Audio on both the UHD and BD comes by way of  English 1.0 DTS-HD MA with optional English subtitles, I dig purity of this track, no revisionist stereo, no artificial surround, just the pure mono track. The dialogue is never a chore to discern, it's sharp and focused with some nice depth to it. The score by  Bruno Nicolai (Eyeball) sounds terrific, full-bodies and robust. This is the longest known cut of the film comprised of bits and pieces from other territories, and as such there are bits of dialogue in German that never had English-dubbing, so they are presented here in the native German with English subtitles. 

The only extras in the UHD (saving those precious digital bits for the feature film A/V!) are three audio commentary tracks - that's right, three! First up is Audio Commentary #1 with Film Historians Troy Howarth and Nathaniel ThompsonAudio Commentary #2 with Film Historians Kim Newman and Barry Forshaw; and Audio Commentary #3 with Film Historians David Flint and Adrian Smith. There's lot of ground covered here, a ton, we get cast and crew information, talk about Franco and Towers 9-film team-up, how it was financed, the various cuts of the film, the soundtrack and much more. No stone is left unturned between these three in-depth and kneadable tracks. 

Onto the Blu-ray we get the same set of commentaries, plus a wealth of other new and archival extras. First up is the 25-min Bloody Jess – Interviews with Director Jess Franco and Star Christopher Lee, an archival set of interviews from both talking about the production, with lee focusing on his portrayal of real life figure Judge George Jeffries while Franco talks candidly about having to cater to the whims of the various financiers, among other things. This was previously available on the Blue Underground DVD released back in 2016. 

Then onto the newly produced Judgement Day – Interview with Stephen Thrower, Author of “Murderous Passions: The Delirious Cinema of Jesus Franco”, clocking in at 34-min Thrower gives his usual fastidious assessment of the film, deep-diving into the casta and crew, the various collaborations of Franco and Lee, and as ever giving us his candid opinion of Franco's flick. 

Thrower shows up again in the 24-min In The Shadows – Interviews with Filmmaker Alan Birkinshaw and Author Stephen Thrower on Harry Alan Towers, discussing not only his nine film collaboration with Franco but his notorious life and multi-faceted career, including some rumored oddities about the man. 

The disc is buttoned up with 18-min of Deleted an Alternate Scenes, including the Alternate Ending from German Version Trailers and a TV Spot, including those for double-feature with Hammer's Blood from the. Mummy's Tomb, plus extensive Still Galleries that include Posters, Advertising Materials, Lobby Cards, B&W Stills, Color Stills, Video & Soundtrack. I searched the menus and did not find any Easter Eggs hidden away, but if you found one please let us know in the comments.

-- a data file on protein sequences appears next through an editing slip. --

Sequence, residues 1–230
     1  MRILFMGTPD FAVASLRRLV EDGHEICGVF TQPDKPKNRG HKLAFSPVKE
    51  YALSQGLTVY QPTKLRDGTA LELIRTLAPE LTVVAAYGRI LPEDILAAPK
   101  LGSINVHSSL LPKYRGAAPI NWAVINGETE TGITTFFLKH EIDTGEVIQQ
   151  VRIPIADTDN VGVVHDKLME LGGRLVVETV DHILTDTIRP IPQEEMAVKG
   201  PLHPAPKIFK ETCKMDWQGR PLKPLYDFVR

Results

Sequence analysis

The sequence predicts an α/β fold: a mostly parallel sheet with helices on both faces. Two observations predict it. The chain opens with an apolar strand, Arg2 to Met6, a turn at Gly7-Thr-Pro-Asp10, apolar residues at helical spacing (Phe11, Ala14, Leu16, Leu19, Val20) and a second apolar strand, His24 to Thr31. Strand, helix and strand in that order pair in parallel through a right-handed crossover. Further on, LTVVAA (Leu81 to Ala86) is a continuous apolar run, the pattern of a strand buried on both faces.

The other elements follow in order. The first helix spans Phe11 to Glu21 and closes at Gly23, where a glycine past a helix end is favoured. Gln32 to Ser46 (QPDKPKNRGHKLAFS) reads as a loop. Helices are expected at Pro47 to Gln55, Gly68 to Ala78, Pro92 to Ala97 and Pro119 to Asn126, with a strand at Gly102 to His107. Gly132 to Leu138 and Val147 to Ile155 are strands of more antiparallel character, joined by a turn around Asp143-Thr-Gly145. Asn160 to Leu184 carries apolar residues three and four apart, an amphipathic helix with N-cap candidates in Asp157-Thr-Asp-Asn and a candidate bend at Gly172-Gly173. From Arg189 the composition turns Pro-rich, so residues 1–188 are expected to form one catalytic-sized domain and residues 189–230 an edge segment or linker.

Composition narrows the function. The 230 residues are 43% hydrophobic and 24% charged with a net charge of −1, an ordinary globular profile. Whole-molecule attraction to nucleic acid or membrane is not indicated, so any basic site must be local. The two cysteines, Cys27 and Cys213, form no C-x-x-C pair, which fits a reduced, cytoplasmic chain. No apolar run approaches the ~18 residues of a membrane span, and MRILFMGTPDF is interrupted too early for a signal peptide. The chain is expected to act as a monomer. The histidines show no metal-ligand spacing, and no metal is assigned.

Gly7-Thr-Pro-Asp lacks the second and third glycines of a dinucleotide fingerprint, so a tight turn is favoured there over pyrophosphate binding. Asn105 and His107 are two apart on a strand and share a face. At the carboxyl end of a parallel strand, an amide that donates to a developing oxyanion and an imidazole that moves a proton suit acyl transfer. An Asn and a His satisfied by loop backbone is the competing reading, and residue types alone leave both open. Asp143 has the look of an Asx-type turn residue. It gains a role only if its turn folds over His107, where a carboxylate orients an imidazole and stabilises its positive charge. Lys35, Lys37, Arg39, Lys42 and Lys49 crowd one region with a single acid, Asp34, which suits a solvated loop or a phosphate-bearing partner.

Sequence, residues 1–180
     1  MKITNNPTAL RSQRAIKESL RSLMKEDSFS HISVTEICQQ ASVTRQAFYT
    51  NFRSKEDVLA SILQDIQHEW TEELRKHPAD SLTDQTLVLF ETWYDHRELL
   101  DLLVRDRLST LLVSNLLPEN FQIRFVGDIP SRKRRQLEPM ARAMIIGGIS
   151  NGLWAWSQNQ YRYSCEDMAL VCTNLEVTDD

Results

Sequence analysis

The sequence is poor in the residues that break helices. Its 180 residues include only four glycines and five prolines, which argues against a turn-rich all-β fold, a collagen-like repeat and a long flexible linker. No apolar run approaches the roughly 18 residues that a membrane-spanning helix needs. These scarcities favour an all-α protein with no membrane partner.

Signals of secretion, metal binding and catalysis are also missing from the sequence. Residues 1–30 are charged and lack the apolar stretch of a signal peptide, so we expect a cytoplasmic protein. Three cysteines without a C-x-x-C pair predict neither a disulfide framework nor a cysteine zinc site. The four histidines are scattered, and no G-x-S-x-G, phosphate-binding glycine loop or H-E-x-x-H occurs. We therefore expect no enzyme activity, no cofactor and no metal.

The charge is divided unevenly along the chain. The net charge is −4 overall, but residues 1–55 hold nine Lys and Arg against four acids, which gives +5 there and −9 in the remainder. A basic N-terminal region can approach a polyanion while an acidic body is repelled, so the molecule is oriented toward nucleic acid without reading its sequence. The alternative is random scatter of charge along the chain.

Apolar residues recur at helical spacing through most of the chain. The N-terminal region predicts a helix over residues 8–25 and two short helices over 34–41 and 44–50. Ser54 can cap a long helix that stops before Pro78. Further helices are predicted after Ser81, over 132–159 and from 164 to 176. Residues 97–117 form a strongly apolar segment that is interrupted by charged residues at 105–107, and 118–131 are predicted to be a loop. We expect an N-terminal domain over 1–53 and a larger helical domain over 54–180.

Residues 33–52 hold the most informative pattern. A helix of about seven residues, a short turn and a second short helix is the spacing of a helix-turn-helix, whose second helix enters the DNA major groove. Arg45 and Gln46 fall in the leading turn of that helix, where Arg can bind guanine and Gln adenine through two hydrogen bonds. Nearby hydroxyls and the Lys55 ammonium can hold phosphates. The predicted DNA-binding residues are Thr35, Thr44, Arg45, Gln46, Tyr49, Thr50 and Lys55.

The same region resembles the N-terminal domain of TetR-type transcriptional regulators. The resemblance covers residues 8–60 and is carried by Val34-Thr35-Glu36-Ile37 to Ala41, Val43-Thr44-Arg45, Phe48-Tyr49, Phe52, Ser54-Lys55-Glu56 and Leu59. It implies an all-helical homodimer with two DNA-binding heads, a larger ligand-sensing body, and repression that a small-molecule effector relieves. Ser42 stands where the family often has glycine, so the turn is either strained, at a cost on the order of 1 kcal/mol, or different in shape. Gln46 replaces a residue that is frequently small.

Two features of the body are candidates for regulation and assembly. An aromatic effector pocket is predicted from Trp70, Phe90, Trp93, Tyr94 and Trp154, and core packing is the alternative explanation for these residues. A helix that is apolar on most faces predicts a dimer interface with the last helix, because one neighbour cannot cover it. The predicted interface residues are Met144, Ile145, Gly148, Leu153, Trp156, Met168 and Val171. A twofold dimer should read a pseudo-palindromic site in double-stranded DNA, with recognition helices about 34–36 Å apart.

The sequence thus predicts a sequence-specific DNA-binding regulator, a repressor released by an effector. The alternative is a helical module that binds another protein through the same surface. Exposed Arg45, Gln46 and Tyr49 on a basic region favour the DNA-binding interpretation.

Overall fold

The 2-disc 4K UHD + Blu-ray arrives in an oversized black keepcase with a Reversible Sleeve of Artwork, the reverse side featuring a different illustration with The Bloody Judge titles, plus we get a Limited Edition Embossed Slipcover that is limited to the first pressing. 

Special Features:
- WORLD PREMIERE! Brand-new 2023 4K master of the complete uncensored version
- Audio Commentary #1 with Film Historians Troy Howarth and Nathaniel Thompson
- Audio Commentary #2 with Film Historians Kim Newman and Barry Forshaw
- Audio Commentary #3 with Film Historians David Flint and Adrian Smith
- Bloody Jess – Interviews with Director Jess Franco and Star Christopher Lee (25:10) 
- Judgement Day – Interview with Stephen Thrower, Author of “Murderous Passions: The Delirious Cinema of Jesus Franco” (33:32) 
- In The Shadows – Interviews with Filmmaker Alan Birkinshaw and Author Stephen Thrower on Harry Alan Towers (24:15) 
- Deleted Scene: Mary's Grief (5:45)
- Alternate Clothed Love Scene
- Alternate Mary's Rekease from Dungeon (1:22)
- Alternate "Bloody Judge" Main Titles (2:00)
- Alternate "Dexter Hexentote Von Blackmoor" Main Titles (2:15)
- Alternate Ending from German Version (1:41) 
- U.S. Trailer (0:56) 
- U.S. Combo Trailer (1:53) double-feature with Blood from the. Mummy's Tomb 
- U.S. Combo TV Spot (0:34) 
- Still Galleries: Pisters, Advertising Materials, Lobby Cards, B&W Stills, Color Stills, Video & Soundtrack 
- Limited Edition embossed slipcover and reversible sleeve with alternate artwork (First Pressing Only)

Blue Underground have been on a near unparallelled 4K UHD tear and that streak continues with their gorgeous presentation of Jess Franco's Night of the Bloody Judge. The period witchhunter flick looks absolutely stunning, the main cast are terrific, and the set pieces and costuming really pull you into it. There is a bit of unsavory perversion and torture and witch-burning happening, but this is a pretty tame Franco flick in comparison to most of his wilder and more lascivious entrees, but seeing him make what is basically a melodramatic historical epic with some exploitation highlights is pretty dang interesting. Further proof that he could cater to a more mainstream audience, he just chose not to, so in that respect it's a rather curious entry from Franco, and a solid witch hunter entry along the lines of Mark of the Devil and The Witchfinder General.  

Buy it:

Screenshots from the Blue Underground Blu-ray: 


Buy it: